Considered an art form, Japan has an illustrious history of sword making. In more recent times, modern day samurai movies have popularized the Japanese sword reigniting its mythical status as a symbol of virtue and heroism.
The first sword production appeared over a thousand years ago and developed into distinct categories over the centuries. Changes in warfare were largely responsible for the development of the sword leading to its eventual demise due to the introduction of guns as the weapon of choice. The earliest swords date back to the Jokoto period, and it was after this time that the Koto swords appeared, which are considered to be some of the finest examples or early Japanese sword making. These Koto swords were characterized by having a curve close to the hilt. They continued to be made for 500 years.
During the Heian period, the use of horses on the battlefield ushered in a new phase in sword making. Fighting from horseback required that the curvature of the sword be exaggerated to facilitate a more efficient downward movement. Swords were usually worn by hanging from the torso, but were later worn inside a belt. When wearing armor soldiers would often carry a second smaller sword or dagger used for close combat.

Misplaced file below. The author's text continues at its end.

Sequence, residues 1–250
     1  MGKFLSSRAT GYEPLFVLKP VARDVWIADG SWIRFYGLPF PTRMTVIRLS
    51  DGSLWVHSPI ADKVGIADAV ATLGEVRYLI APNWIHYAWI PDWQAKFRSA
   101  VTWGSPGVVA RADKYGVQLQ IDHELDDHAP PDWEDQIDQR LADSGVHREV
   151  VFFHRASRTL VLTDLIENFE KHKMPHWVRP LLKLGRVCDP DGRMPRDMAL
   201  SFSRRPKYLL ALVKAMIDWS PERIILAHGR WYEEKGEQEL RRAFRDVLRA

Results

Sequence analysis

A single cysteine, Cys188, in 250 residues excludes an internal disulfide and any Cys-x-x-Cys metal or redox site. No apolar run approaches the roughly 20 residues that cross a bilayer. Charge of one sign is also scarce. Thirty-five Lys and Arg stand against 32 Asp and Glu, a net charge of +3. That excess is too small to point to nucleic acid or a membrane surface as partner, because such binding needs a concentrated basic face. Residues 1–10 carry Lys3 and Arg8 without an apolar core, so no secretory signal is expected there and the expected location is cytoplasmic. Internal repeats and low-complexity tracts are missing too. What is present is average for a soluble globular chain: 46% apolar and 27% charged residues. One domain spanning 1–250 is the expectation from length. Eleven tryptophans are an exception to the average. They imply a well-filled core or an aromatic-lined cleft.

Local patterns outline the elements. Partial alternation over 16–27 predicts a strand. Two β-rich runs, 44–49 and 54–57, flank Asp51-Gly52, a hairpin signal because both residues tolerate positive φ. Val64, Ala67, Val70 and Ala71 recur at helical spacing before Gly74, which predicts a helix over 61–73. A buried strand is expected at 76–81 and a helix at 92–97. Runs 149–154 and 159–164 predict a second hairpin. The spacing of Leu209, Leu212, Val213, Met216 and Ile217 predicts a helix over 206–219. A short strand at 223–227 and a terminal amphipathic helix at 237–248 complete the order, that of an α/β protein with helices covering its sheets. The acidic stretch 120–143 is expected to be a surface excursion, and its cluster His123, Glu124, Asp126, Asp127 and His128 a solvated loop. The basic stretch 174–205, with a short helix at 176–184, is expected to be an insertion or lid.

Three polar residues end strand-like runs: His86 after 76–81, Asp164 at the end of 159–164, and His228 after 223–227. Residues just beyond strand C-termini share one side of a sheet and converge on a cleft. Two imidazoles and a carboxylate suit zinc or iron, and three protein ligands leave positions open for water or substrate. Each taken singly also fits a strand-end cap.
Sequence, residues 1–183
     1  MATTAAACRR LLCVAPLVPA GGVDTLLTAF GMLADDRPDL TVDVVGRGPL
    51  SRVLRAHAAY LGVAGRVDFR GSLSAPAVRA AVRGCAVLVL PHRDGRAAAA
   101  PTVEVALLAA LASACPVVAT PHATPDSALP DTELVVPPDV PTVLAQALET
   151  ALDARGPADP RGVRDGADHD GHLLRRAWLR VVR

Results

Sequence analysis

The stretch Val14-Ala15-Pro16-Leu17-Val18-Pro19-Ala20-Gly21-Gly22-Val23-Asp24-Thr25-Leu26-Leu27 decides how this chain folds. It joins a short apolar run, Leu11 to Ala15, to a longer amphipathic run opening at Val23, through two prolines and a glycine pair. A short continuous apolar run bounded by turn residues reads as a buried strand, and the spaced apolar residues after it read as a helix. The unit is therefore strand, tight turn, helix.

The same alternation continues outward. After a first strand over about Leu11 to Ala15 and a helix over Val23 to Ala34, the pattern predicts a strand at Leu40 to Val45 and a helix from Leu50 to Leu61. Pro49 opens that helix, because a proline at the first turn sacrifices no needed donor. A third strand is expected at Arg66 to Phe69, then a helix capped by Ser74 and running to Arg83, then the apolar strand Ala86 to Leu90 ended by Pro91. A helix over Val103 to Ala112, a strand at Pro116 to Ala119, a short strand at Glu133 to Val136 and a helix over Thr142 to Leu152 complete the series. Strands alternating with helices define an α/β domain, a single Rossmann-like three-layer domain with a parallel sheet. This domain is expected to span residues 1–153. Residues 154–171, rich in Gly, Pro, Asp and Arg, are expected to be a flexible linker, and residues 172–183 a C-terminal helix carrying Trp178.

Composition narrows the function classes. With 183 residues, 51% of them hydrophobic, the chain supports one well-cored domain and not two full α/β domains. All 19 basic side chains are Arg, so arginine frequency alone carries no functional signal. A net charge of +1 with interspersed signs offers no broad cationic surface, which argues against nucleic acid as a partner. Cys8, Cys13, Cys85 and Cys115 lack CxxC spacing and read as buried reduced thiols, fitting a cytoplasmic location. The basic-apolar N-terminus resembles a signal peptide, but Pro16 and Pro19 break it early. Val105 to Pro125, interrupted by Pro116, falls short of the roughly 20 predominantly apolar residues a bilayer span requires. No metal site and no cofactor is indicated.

The next turning point in the development of the Japanese sword was during the Mongol invasion in 1200 AD. The thick armor worn by the Mongols was too much of a match for the more delicate samurai swords, so a more sturdy, pointed sword was developed to have more penetrating force.
In 1400 AD, Japan broke into civil war and the need for swords became so great production didn't allow for the time to create fanciful weapons. This marked a shift away from sword making as an art form. As warfare progressed and firearms predominated so sword making diminished in importance.
Far from having disappeared, this ancient Japanese tradition has caught the imagination of collectors, and good examples or rare swords can command dizzying sums at auction houses.